NASA probe Dart creates an impact on asteroids – now it’s time to wait

NASA celebrates a collision with the small moon of a small asteroid. It should be a big step on the way to better protection of planet earth.

The asteroid moon Dimorphos seconds before impact (Image: Screenshot NASA TV (public domain))

NASA’s Dart crashed into the asteroid moon Dimorphos as planned. The team of scientists celebrates this success. Even choosing the right course was a challenge for darts. The probe had to match a map of known stars with its own camera footage to calculate the correct direction – at a speed of four miles per second. The slightest mistake would have meant Dart missing Dimorphos.

Now the anxious waiting begins for the researchers: What effects does the impact actually have? How big is the impact on the unknown surface of the asteroid? And is it actually possible to influence the orbit of the asteroid Didymos? So far no one had tried to influence the orbit of a celestial body. Dimorphos orbits Didymos at a distance of about 1.2 kilometers, the two are currently about 38 light seconds from Earth.

The aim of the project is to prove that humans can decisively influence the trajectories of asteroids. That would open up a chance to avert a devastating asteroid impact on Earth. Didymos and Dimorphos themselves are not on a collision course with Earth; the project serves as a test to prove the suitability of the method in practice. Given enough lead time, even the slightest change in an asteroid’s orbit could be enough to steer such celestial bodies past Earth.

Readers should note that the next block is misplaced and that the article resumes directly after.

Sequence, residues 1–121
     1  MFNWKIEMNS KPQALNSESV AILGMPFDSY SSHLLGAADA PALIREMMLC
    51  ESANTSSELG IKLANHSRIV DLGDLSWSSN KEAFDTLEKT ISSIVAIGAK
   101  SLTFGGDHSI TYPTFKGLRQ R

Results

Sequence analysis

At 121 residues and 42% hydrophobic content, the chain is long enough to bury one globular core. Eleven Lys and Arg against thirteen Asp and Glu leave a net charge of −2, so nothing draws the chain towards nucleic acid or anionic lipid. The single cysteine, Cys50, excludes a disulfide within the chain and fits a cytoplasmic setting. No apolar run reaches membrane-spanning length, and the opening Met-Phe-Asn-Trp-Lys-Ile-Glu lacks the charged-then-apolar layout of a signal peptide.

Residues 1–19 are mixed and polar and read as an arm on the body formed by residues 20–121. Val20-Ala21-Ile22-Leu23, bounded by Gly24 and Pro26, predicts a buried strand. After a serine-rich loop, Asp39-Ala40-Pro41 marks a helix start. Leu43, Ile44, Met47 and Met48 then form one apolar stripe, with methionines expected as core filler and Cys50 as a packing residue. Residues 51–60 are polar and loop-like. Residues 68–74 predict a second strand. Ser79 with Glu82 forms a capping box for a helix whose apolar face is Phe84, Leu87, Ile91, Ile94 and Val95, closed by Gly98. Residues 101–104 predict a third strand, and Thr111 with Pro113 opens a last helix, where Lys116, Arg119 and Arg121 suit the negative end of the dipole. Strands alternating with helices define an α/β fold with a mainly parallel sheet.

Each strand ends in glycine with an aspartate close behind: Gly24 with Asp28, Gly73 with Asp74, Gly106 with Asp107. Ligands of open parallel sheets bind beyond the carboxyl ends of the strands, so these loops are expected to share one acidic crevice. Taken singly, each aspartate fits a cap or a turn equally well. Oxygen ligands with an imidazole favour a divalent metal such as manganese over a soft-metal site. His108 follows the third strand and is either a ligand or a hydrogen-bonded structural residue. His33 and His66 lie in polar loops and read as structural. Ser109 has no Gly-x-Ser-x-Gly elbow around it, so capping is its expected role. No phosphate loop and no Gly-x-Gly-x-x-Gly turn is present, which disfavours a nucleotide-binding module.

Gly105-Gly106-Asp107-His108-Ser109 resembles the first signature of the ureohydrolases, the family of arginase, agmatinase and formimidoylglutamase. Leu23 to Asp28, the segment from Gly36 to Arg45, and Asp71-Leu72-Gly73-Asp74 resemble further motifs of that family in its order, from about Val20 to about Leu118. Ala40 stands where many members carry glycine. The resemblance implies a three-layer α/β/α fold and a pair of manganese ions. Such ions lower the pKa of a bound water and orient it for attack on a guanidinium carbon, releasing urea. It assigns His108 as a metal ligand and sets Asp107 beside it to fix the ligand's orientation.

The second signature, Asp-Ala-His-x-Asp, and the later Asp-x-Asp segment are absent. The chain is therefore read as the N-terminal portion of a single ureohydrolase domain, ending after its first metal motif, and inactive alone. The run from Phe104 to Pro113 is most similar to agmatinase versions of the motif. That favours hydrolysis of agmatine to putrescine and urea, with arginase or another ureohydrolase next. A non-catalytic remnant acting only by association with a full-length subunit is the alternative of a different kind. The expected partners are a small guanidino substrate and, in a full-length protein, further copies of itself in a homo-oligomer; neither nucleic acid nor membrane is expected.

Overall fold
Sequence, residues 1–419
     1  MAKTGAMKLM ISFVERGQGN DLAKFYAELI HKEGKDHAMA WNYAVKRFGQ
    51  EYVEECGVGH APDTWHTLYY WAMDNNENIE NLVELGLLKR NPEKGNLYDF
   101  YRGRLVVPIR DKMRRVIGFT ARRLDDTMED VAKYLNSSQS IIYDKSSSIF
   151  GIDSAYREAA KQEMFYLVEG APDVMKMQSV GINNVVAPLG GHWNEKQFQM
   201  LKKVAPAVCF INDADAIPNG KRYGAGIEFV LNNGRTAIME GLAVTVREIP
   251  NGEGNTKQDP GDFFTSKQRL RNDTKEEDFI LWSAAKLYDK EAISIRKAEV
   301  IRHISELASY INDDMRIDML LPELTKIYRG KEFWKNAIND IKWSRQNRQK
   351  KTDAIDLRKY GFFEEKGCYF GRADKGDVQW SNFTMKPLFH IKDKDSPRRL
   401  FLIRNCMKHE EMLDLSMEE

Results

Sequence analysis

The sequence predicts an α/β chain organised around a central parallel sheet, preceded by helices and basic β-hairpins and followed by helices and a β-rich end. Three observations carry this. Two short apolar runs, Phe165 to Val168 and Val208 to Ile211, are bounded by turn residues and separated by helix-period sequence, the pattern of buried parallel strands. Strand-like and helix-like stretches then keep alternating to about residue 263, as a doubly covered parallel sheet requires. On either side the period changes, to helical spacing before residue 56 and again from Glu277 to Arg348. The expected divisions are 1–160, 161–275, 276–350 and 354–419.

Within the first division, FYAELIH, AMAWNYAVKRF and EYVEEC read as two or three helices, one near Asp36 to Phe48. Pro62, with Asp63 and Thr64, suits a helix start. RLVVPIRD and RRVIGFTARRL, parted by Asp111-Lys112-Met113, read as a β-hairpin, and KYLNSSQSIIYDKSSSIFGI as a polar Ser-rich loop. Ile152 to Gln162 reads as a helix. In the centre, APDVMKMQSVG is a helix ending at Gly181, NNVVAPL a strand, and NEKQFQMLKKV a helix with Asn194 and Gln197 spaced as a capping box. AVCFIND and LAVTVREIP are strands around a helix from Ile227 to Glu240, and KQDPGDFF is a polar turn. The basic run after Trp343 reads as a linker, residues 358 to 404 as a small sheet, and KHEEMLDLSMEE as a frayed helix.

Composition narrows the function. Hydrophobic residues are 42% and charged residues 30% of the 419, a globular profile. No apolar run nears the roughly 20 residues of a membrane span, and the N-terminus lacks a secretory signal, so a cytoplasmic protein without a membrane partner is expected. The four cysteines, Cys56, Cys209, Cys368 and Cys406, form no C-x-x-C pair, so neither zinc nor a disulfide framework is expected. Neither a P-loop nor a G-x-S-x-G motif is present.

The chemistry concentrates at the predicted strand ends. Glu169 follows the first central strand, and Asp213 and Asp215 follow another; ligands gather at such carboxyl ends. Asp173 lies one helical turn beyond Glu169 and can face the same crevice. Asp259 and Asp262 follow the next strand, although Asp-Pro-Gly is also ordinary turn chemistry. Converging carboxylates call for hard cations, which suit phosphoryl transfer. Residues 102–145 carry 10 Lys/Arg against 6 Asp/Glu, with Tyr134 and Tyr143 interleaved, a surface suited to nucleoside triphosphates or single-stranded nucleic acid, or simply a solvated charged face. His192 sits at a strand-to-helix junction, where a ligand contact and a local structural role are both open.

The hope is that the impact will shorten Dimorphos’ roughly 12-hour orbit by at least 73 seconds, but maybe as much as 10 minutes. It is not clear how quickly this can be demonstrated from Earth. It could even take a few weeks.

Dart made its way to colliding with the asteroid moon in November last year. Because the mass is modest, the speed must be particularly high for the impact to have an impact.

The last fully transmitted pre-impact image of the Dimorphos surface (Image: Screenshot/NASA TV (Public Domain))

On September 11th, Dart deployed the small Italian probe LICIACube, which put some distance between itself and Dart. Three minutes after the collision, she was supposed to take photos of Dimorphos from 40-80 km away and look for tracks.

That’s close enough for good photos showing what the surface is like, how big the impact is, and how much material is being ejected into space without endangering LICIACube itself. The Italian probe should then photograph the far side of the celestial body. The recordings have not yet arrived on Earth. ESA’s Hera mission will launch in 2024. She is to investigate the effects of the impact on the site in more detail.


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